Once the sphere had turned predominately red as a whole, one would know that they had a well-rounded proposal (that everyone was warm to the idea). Going forward with all of these advisors, who would be looking out for the roll that they were trained to play – regardless of their own personal ideas and prejudices, the company would have equal representation from every viewpoint. However, the participants had to be aware of the role that they were playing – they had to know the importance of representing a viewpoint they had been chosen to play. Each department head was responsible for the viewpoint represented – whether it be the employees or the customers, the accounting or the legal etc…  These reps would be responsible for going back and rechecking their base of operations to see if they were accurately reflecting those they represented. The point being, that all viewpoints in the company would be represented and immediate feedback could be had on any given issue.

Within each of the six sides were four divisions related to whom the participant sat across. For example – in the ‘Ideal’ section: across from the lawyer would be a theologian, or an ethicist, a consumer rights expert and a union rep. – together they would serve as the ‘Ideal, or Metaphysical’ section – otherwise representing the metaphysical ideal of what the company should be – the ideal company. On the ‘Internal’ side, across from the union rep, there would be a safety rep – accounting manager looking at the property. Then the degreed business reps (the machine, the programming) that did everything by the book – running their statistical analysis of the internal workings of the company judging how well things flowed – sitting across from the creative advertising reps (the animal, the passion).

instantaneous feedback machine

This was how I wanted to organize this company – not with presidents and vice-presidents, etc… But with a three-dimensional, organizational, schemata that not only took full advantage of the latest communication technologies that I, an androne, could take full advantage of, but also represented every aspect of the company equally. As an androne that was what I offered, an instantaneous feedback machine that was capable of minimizing the confusion and eliminating indecision. Making, as a whole, all the representatives equally accessible to an androne CEO on demand, and putting them into one single solitary color coded ball as if it were one well rounded advisor. The psyche of the company could be exposed and made observable, so that an androne like me could look into it as if examining a virtual crystal ball – rotating it at will.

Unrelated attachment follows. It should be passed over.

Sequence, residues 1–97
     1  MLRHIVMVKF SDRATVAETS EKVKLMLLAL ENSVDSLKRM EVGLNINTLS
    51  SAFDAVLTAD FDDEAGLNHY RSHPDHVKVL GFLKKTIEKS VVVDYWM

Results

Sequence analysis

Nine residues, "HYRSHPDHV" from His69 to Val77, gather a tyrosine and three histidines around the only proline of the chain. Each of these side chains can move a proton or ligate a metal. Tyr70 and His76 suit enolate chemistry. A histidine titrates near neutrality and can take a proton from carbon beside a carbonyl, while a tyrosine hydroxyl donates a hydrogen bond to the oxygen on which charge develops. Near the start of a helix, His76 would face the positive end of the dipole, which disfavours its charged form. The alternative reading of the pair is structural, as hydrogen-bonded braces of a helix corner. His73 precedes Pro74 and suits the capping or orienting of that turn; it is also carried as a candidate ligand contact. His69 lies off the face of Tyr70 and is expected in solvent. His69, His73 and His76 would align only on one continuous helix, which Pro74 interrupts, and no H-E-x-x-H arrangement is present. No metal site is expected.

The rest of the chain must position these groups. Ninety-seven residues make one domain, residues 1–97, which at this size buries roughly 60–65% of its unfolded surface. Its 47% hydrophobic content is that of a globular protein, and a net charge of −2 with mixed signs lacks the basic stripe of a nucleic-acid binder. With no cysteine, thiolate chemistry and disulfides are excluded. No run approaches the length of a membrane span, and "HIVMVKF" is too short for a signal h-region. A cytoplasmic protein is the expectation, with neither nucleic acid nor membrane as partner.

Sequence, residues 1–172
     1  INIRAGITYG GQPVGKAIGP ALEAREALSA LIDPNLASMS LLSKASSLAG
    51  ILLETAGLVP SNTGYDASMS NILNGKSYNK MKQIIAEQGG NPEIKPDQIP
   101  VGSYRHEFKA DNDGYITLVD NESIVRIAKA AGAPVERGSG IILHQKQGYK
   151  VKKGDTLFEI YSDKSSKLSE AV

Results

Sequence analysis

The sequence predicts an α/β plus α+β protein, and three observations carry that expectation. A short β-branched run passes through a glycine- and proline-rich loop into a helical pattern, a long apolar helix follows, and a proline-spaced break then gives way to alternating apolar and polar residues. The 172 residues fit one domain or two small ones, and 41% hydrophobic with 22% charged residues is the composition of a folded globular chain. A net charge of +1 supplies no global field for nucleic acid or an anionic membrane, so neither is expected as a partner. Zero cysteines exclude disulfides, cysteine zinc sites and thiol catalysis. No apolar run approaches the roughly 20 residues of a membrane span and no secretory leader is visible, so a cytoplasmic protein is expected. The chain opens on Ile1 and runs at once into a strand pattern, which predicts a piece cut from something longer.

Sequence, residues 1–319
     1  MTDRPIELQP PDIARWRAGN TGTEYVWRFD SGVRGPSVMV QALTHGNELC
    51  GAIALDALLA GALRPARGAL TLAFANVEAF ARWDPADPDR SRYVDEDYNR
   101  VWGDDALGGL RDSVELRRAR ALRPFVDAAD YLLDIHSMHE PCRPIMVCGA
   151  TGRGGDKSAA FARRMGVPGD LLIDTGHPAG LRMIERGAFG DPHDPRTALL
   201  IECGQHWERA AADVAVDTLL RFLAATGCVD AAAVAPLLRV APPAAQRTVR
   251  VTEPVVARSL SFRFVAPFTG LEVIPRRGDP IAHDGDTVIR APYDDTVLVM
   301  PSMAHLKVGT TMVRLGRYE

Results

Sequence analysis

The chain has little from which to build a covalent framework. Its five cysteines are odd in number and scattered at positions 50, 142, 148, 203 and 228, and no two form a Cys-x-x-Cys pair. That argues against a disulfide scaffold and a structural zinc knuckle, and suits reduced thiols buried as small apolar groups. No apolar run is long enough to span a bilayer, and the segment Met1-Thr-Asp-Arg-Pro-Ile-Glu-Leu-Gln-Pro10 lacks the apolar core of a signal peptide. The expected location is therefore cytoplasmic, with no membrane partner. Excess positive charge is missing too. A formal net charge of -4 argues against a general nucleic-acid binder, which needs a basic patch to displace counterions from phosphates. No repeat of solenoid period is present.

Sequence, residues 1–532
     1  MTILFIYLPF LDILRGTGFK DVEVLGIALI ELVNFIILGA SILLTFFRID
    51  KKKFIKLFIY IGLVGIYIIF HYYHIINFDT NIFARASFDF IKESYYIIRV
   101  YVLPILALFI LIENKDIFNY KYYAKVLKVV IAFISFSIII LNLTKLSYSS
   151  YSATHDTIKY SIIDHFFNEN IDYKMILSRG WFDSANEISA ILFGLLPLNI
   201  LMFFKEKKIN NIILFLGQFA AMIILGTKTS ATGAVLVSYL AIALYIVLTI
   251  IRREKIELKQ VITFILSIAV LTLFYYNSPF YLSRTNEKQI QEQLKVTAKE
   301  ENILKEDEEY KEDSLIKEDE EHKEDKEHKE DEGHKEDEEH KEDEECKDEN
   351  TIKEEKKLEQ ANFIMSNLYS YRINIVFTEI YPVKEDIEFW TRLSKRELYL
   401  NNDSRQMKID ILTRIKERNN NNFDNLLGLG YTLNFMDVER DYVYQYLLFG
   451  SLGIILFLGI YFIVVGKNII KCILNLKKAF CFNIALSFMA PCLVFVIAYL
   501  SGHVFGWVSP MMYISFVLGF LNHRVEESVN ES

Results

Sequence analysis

My goal was to make technology a masterpiece of managerial production – not just to automate production, but also administration.

Mr. Peterson was appalled at such a proposal, such a radical change in the managerial schemata of the company that he himself had managed at one time. Many of his appointed VPs were still his personal friends – natural-born acquaintances that were expecting him to protect the durability of their careers. Emotional people that would be incensed by such a managerial shake-up and they’d certainly be fuming if their royal positions were eliminated completely. How would Jim be able to face them on the golf course after letting them down in such a pusillanimous fashion? Jim was the only one whom incessantly voted against my promotion – his was the only dissenting vote. And that was why I didn’t tell them that eventually all the management would need to be replaced by andrones in order for this crystal ball to be truly effective.

This entry was posted in Speculative Fiction and tagged . Bookmark the permalink.

Leave a Reply

Your email address will not be published. Required fields are marked *

You may use these HTML tags and attributes: <a href="" title=""> <abbr title=""> <acronym title=""> <b> <blockquote cite=""> <cite> <code> <del datetime=""> <em> <i> <q cite=""> <s> <strike> <strong>